Jack Osbourne On MS: One Minute You Can Be Fine, The Next...

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Jack Osbourne joined his mother and the rest of the cast of The Talk on Wednesday to discuss how he’s currently feeling and coping with the life-altering news of his recent diagnosis with multiple sclerosis.

A day after he went public with the news, an emotionally distressed Sharon addressed the issue on Monday’s show and announced that Jack would join their panel today.

Sharon Osbourne On Jack's MS Diagnosis: He's Doing Really Good

Jack was met with raucous applause and chanting, which he comically acknowledged with, “You guys are acting like I have MS or something.”

Julie Chen started off the interview, “We all feel you are so courageous to come out and tell the world, to announce to the world that you have multiple sclerosis. Everyone wants to know how you are doing.”

In good spirits he answered, “Honestly, I’m fine.” Then the tone got a bit more serious, “Ultimately that is the toughest thing with this disease that I’m learning, one minute you can be fine, and the next I went blind in my right eye. It’s a completely unpredictable disease.”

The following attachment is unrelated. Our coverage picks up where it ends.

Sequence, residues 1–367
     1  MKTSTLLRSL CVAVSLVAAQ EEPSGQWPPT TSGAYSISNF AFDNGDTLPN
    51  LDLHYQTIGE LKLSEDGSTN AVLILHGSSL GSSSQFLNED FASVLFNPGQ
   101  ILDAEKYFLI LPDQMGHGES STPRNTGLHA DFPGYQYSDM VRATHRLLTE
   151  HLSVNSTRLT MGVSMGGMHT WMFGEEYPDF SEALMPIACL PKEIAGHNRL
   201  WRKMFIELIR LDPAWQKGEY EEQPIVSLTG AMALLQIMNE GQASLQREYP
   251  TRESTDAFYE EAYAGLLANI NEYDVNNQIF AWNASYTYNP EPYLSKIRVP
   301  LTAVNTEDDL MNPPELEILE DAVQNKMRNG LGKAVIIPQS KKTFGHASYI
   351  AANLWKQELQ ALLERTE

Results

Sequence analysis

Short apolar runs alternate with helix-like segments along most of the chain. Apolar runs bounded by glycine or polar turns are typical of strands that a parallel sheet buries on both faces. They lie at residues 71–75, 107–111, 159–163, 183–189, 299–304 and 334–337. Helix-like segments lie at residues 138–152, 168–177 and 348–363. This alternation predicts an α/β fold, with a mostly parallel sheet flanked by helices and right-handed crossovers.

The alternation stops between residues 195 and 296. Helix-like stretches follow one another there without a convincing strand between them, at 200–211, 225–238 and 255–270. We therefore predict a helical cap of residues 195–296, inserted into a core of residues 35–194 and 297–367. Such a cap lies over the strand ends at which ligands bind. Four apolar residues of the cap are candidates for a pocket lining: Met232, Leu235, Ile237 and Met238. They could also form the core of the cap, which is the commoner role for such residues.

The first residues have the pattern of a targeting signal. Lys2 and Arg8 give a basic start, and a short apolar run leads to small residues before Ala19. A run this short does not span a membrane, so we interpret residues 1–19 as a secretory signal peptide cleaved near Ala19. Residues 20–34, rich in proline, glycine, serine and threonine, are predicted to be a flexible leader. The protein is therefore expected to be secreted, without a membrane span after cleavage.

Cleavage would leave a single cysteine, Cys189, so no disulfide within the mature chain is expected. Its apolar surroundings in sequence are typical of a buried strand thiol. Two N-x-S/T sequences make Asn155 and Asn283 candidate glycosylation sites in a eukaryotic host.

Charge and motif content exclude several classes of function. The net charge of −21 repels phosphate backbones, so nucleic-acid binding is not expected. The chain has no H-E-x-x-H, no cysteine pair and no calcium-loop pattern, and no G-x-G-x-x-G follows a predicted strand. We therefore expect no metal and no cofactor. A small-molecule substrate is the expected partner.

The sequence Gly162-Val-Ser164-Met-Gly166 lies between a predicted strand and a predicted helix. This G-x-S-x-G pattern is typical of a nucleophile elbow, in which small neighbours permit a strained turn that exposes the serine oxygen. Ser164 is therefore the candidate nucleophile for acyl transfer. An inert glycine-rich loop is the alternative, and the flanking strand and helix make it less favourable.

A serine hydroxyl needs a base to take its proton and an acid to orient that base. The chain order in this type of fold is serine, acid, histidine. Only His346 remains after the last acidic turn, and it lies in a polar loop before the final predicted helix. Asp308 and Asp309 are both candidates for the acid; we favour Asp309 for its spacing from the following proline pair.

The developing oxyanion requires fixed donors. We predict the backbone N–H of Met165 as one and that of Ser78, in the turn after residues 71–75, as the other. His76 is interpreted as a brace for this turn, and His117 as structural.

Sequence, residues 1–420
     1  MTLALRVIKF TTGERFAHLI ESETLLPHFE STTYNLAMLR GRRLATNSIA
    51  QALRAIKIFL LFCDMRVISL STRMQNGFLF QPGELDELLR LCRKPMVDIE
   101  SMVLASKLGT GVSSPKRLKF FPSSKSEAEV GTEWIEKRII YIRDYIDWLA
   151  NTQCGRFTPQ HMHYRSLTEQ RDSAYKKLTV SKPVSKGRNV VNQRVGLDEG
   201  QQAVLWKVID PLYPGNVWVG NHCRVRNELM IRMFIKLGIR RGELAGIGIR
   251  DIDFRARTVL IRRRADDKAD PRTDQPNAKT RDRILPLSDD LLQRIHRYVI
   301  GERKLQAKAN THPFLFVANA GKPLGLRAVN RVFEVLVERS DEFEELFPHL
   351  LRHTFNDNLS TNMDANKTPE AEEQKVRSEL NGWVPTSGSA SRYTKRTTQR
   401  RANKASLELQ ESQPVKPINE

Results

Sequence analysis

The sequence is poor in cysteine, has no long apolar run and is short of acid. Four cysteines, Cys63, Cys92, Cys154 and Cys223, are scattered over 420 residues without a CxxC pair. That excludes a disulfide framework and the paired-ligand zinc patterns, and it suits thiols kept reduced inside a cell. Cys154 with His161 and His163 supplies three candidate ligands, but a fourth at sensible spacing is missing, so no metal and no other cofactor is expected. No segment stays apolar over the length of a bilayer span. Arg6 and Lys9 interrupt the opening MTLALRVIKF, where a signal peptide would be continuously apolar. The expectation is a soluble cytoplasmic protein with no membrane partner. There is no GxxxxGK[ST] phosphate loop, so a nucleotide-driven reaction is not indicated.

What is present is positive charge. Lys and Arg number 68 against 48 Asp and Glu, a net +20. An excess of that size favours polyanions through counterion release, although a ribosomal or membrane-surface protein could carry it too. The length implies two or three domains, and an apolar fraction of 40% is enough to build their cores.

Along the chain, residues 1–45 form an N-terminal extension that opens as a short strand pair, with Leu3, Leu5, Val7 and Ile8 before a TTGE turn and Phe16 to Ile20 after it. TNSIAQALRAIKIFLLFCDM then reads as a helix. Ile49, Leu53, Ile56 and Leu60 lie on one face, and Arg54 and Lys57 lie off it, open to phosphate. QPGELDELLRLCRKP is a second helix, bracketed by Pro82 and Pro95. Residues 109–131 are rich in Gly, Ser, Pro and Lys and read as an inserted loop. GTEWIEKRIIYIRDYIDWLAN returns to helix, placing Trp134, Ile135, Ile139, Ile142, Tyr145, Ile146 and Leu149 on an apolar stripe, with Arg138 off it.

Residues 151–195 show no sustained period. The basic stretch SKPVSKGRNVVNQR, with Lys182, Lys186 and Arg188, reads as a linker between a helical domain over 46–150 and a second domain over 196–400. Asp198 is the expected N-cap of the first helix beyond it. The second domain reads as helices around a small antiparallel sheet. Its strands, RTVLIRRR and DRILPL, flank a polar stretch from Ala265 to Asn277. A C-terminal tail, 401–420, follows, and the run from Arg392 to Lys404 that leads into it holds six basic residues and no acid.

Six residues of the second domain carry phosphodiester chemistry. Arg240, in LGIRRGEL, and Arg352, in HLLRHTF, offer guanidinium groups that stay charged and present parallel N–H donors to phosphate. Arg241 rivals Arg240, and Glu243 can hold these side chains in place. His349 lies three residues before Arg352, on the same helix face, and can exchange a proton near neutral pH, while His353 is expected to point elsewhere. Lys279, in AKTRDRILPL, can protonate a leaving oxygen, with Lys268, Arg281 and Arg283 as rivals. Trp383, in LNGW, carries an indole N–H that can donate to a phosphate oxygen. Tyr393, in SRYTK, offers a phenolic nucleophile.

The vision has since returned to about 80%, and whether or not it will fully recover is still up in the air.

Jack then goes onto explain the disease, which in layman’s terms he says is basically an “arthritis of the nervous system,” and what his personal warning signs were that he’d been experiencing for the last couple of years.

His actual diagnosis came just five weeks ago, shortly after the birth of his first child. Which Jack actually attributes to great timing, as being busy with the baby has kept him from withdrawing into a state of self-pity.

Jack Osbourne Welcomes Baby Pearl

The point is made to stress that this diagnosis is not “a death sentence,” and people can live long and healthy lives with MS.

His fiancée, Lisa Stelly, who joined the table for the second half of the interview, said that the whole thing might be a “blessing in disguise,” that will force him to take better care of himself in the long run.

Chen closes with the fact that his high profile diagnosis will help bring attention to the disease and hopefully a search for a cure.

Overall, they all turned what might have been a really depressing segment into an uplifting discussion of hope and possibility.

We wish all of those involved the best going forward.

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